fring, EQO and Whisher cut mobile communications costs

Last week the Guidewire Group held its third Innovate!Europe event, where startups get to strut their stuff in front of their peers, venture capitalists, angel investors, early adopters and the press.
As …

By
14th May 2007 at 6:59 am

Last week the Guidewire Group held its third Innovate!Europe event, where startups get to strut their stuff in front of their peers, venture capitalists, angel investors, early adopters and the press.

As you know, a lot of computing activity is moving to the web and, therefore, to mobile devices. One of the exhibiting companies, fring, summed it up with this remark, “telecom industries benefit from the introduction of VoIP within their own domains without passing these benefits on to their consumers.”

Three of the thirty startups at Innovate were showing how they could slash the costs of mobile computing. They will not be the only ones. So the telecom companies are on notice that their world is about to change. Again.

Fring uses 3G over mobile phone networks to provide voice, presence and chat between fring users and those on Skype, Google Talk & Windows Live Messenger (MSN). It’s kind of free, depending on the data deal you have with your mobile service supplier. Their data charges vary enormously, so make sure you do your homework.

Whisher takes a different approach. It gets people to provide their wifi details in order to build out a network of shared access points. In theory, wherever you are, you’ll be able to connect into the web by piggy-backing other people’s connections.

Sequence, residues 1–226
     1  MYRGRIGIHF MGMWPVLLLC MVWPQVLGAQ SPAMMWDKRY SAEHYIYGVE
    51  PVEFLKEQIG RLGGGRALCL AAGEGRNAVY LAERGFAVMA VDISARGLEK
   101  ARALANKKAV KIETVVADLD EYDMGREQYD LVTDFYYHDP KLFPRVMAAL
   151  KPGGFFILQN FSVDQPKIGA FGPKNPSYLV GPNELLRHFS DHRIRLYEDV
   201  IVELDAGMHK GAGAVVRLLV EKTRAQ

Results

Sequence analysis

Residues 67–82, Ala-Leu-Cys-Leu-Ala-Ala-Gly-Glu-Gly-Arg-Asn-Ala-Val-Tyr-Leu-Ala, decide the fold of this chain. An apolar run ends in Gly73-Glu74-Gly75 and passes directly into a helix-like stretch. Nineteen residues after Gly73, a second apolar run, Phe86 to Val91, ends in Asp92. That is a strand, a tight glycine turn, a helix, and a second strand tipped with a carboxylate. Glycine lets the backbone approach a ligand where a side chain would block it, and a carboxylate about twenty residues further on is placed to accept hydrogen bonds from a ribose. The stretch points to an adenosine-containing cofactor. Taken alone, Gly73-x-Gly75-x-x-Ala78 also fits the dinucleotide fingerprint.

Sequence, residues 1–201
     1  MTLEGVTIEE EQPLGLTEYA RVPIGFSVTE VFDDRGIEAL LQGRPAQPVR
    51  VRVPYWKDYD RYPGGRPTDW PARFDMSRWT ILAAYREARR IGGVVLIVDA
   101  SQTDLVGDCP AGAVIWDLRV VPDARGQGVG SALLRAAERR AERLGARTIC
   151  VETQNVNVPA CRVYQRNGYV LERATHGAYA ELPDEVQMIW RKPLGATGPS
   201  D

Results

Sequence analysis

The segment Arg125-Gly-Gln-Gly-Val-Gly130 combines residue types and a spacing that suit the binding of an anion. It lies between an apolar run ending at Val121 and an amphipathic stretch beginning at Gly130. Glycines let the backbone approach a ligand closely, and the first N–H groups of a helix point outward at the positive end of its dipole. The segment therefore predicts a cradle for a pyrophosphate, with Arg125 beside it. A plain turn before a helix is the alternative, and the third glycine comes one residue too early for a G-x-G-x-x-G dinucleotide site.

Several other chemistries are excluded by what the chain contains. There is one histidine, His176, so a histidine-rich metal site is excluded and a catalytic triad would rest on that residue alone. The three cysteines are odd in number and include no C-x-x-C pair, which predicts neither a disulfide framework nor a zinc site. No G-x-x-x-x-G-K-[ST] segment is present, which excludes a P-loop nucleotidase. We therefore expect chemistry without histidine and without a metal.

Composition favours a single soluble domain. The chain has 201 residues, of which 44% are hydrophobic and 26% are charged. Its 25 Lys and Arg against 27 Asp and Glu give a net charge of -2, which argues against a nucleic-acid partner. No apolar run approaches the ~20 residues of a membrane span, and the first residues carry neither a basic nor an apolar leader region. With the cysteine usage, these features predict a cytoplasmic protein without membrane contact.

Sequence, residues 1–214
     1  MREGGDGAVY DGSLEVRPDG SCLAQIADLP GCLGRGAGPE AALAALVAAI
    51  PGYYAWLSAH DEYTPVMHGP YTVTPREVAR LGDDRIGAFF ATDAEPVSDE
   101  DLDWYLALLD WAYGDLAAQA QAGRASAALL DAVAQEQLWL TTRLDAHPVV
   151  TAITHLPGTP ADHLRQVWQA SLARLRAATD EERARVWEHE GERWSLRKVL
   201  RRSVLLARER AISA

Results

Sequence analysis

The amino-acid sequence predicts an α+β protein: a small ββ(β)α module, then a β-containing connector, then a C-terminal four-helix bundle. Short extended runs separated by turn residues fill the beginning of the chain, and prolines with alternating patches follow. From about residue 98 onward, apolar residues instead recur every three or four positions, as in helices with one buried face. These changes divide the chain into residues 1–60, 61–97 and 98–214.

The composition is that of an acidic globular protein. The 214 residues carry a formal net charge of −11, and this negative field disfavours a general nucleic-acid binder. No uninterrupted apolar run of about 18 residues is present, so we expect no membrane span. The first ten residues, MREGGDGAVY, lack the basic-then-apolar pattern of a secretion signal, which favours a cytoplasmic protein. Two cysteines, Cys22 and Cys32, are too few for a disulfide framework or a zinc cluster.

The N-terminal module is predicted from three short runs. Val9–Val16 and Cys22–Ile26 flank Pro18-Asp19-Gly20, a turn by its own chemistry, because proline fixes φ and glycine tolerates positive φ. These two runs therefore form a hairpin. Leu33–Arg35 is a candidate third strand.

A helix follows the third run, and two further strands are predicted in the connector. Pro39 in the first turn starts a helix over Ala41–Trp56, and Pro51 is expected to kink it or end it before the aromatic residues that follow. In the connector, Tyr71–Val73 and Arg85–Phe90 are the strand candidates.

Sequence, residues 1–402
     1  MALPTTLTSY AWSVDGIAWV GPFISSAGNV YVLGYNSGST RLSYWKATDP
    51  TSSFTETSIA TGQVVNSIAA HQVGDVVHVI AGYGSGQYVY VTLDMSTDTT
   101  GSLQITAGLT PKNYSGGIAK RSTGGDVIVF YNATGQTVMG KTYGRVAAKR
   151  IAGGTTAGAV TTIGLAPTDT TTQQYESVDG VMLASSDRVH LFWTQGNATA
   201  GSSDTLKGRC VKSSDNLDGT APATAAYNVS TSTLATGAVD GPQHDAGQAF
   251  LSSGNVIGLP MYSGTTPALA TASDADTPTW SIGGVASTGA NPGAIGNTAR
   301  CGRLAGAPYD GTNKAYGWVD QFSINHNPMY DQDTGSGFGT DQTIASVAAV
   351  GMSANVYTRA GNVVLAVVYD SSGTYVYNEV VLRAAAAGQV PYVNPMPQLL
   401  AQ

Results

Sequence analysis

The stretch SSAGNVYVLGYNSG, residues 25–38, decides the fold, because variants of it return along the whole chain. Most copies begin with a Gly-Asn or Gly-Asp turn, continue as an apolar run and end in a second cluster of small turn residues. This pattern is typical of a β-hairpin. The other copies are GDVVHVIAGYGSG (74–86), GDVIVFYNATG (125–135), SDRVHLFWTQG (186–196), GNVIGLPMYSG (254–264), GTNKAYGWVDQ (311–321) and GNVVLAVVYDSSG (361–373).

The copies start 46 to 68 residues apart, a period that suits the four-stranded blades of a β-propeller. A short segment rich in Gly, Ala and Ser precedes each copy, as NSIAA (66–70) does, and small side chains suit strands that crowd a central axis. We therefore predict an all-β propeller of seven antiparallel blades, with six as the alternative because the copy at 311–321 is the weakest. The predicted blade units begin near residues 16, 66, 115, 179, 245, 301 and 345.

According to Whisher, service providers turn a blind eye to this as long as you’re not reselling connections. In theory, it’s a bit like having a visitor connecting to your home wifi except, in this case, they might be passing strangers. But you can see who’s connecting and send them a message if you think they’re abusing your service. Or you can simply switch public access on and off. Again, you will need to examine your service provider’s charging mechanisms and monthly limits.

The third of the trio is a combined social networking and VoIP service called EQO. It “reduces international calling costs and keeps people connected to their friends and contacts from a single phone application.” Although billed as a consumer application, I can’t see why ‘friends’ can’t be replaced with ‘colleagues’.

With free software and services like this popping up, it’s little wonder that mobile operators are having trouble figuring out the best broadband pricing strategies and terms of service.

Their gates are well and truly under attack from the barbarians.

#646464

David Tebbutt is an award-winning columnist and feature writer who specialises on the subject of using software and technology to increase business productivity. He's an analyst with Freeform Dynamics but, in previous lives, wrote for Director magazine, Real Business and was also editor of Personal Computer World. http://freeformdynamics.com

Commenting Is Easy

Do you agree with this blog post? Disagree? Have something to add that others might find helpful? Then please leave a comment in the box below.

If you'd like to have your image included next to your comments here, then you can set yourself up with an avatar in just a couple of clicks.

Leave a comment

Photostream

Listen to the sales podcast for SMEs Subscribe to the podcast on iTunes

PARTNER PROMOTIONS

If looking to boost your businesses performance with promotional marketing, travel incentives or incentive schemes get it touch with NDL Group